• Users Online: 1571
  • Print this page
  • Email this page


 
  Table of Contents  
CASE REPORT
Year : 2016  |  Volume : 7  |  Issue : 1  |  Page : 40-42  

Cutaneous collagenous vasculopathy: A rare case report


1 Department of Dermatology, Seth GS Medical College, KEM Hospital, Mumbai, Maharashtra, India
2 Consultant Dermatologist New Snehadeep Skin and Eye Hospital, Mumbai, Maharashtra, India

Date of Web Publication18-Jan-2016

Correspondence Address:
Dr. Kinjal Deepak Rambhia
Department of Dermatology, Seth GS Medical College, KEM Hospital, Parel, Mumbai, Maharashtra
India
Login to access the Email id

Source of Support: None, Conflict of Interest: None


DOI: 10.4103/2229-5178.174327

Rights and Permissions
   Abstract 

Cutaneous collagenous vasculopathy (CCV) is a distinct, rare, and underdiagnosed condition. We report a case of CCV in a 50-year-old woman presenting as asymptomatic, erythematous to hyperpigmented nonblanchable macules over both the lower extremities. The clinical differential diagnosis of the lesions was pigmented purpuric dermatoses (Schamberg's purpura) and cutaneous small vessel vasculitis. Histology of the lesions revealed dilated superficial dermal vessels with abundant pink hyaline material in the vessel wall, which stained with periodic acid Schiff stain. The patient was diagnosed as CCV. This condition remains largely underdiagnosed and is commonly mistaken for pigmented purpuric dermatosis or generalized essential telangiectasia. Emphasis on the differentiation of CCV from its clinical and histological mimicks is made.

Keywords: Cutaneous collagenous vasculopathy, dilated superficial dermal vessels, hyaline, microangiopathy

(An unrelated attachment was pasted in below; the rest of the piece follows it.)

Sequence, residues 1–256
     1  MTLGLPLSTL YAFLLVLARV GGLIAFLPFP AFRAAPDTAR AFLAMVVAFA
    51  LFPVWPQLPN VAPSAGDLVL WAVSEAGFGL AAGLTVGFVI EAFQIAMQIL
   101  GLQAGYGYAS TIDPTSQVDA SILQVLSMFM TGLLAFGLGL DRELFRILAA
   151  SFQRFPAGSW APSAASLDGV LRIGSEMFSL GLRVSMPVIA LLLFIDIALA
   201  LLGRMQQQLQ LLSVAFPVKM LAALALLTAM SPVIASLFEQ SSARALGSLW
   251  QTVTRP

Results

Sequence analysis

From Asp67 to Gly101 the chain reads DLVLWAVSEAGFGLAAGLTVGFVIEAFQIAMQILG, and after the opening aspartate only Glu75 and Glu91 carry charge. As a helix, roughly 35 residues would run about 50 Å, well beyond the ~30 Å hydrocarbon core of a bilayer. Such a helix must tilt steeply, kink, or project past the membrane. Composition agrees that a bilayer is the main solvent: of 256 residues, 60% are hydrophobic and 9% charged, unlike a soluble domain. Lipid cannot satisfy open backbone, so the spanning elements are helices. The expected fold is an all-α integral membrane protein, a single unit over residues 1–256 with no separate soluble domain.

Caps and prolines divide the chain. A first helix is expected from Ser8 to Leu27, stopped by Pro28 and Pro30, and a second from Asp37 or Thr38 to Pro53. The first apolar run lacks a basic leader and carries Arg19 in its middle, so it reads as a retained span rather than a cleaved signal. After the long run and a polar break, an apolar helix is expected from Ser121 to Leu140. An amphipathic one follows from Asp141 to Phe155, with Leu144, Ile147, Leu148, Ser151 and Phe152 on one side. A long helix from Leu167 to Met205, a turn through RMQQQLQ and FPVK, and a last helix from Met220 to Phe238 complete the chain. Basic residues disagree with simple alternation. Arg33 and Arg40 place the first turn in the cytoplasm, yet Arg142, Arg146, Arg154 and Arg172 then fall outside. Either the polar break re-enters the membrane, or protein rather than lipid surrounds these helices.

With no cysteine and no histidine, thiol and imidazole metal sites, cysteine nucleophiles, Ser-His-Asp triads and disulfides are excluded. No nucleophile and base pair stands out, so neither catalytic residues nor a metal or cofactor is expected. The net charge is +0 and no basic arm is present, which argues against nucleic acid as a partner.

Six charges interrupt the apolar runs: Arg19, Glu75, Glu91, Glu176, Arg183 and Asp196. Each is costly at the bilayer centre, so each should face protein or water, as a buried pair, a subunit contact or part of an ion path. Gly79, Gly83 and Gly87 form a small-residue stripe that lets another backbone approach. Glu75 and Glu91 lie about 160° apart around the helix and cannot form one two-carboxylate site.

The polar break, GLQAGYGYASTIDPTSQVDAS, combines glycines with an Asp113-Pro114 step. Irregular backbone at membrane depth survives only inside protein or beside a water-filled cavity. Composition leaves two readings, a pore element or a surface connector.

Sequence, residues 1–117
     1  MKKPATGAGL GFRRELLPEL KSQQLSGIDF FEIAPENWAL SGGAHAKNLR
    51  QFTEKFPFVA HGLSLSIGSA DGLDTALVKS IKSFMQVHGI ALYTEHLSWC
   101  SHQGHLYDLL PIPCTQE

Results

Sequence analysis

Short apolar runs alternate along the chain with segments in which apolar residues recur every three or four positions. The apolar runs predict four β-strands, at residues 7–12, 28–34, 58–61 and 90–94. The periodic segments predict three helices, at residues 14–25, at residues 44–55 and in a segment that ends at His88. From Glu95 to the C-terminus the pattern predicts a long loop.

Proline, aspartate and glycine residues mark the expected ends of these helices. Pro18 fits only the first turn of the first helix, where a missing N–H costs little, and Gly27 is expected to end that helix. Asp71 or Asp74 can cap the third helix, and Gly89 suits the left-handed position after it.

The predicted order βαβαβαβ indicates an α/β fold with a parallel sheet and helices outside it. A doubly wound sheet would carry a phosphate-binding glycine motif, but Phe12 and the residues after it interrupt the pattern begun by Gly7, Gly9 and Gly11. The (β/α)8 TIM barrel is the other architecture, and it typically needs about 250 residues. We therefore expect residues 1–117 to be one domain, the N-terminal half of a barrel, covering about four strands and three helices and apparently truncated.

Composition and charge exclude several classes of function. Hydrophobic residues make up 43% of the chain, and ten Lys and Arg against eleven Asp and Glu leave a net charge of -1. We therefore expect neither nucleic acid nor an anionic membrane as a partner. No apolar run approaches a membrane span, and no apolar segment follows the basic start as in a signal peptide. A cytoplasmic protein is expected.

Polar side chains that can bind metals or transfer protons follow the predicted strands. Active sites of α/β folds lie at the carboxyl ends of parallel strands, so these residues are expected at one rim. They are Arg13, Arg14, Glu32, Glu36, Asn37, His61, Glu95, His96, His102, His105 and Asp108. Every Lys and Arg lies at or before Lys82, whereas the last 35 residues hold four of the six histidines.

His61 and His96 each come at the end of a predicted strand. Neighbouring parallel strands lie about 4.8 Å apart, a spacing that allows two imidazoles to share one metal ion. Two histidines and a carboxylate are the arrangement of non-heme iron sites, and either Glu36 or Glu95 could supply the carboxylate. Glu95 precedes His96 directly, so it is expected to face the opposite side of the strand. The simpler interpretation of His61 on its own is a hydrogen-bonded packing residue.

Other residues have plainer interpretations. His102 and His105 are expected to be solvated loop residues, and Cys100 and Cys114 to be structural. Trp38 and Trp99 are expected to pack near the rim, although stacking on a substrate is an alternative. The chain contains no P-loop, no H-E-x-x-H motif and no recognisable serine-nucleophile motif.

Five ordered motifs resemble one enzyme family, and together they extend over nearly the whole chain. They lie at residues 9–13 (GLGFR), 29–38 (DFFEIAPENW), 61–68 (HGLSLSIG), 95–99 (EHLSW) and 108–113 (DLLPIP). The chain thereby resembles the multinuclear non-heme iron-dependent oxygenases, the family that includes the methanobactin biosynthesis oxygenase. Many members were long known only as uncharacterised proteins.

How to cite this article:
Rambhia KD, Hadawale SD, Khopkar US. Cutaneous collagenous vasculopathy: A rare case report. Indian Dermatol Online J 2016;7:40-2

How to cite this URL:
Rambhia KD, Hadawale SD, Khopkar US. Cutaneous collagenous vasculopathy: A rare case report. Indian Dermatol Online J [serial online] 2016 [cited 2019 Sep 22];7:40-2. Available from: http://www.idoj.in/text.asp?2016/7/1/40/174327


   Introduction Top


Cutaneous collagenous vasculopathy (CCV) is a distinct and rare cutaneous microangiopathy affecting the superficial dermal blood vessels. These patients present with asymptomatic blanchable pink or red macules, telangiectasia, or petechiae distributed symmetrically on bilateral lower extremities with progressive involvement of the upper extremities and trunk. The comorbidities frequently associated in these patients are diabetes mellitus, hyperlipidemia, hypertriglyceridemia, and hypertension. Microscopically, it reveals thickened and dilated superficial dermal vessels. This condition remains largely underdiagnosed and is commonly mistaken for pigmented purpuric dermatosis or generalized essential telengiectasias.


   Case Report Top


A 50-year-old female presented with asymptomatic rash on the lower extremities since 2 years. Cutaneous examination revealed erythematous to hyperpigmented nonblanchable, nontender macules and petechial lesions over both the lower extremities [Figure 1]. There was no edema or warmth of the affected area. There was a history of diabetes mellitus in the patient for which she was currently not on any medications.
Figure 1: Nonblanchable macules and petechiae on lower extremity

Click here to view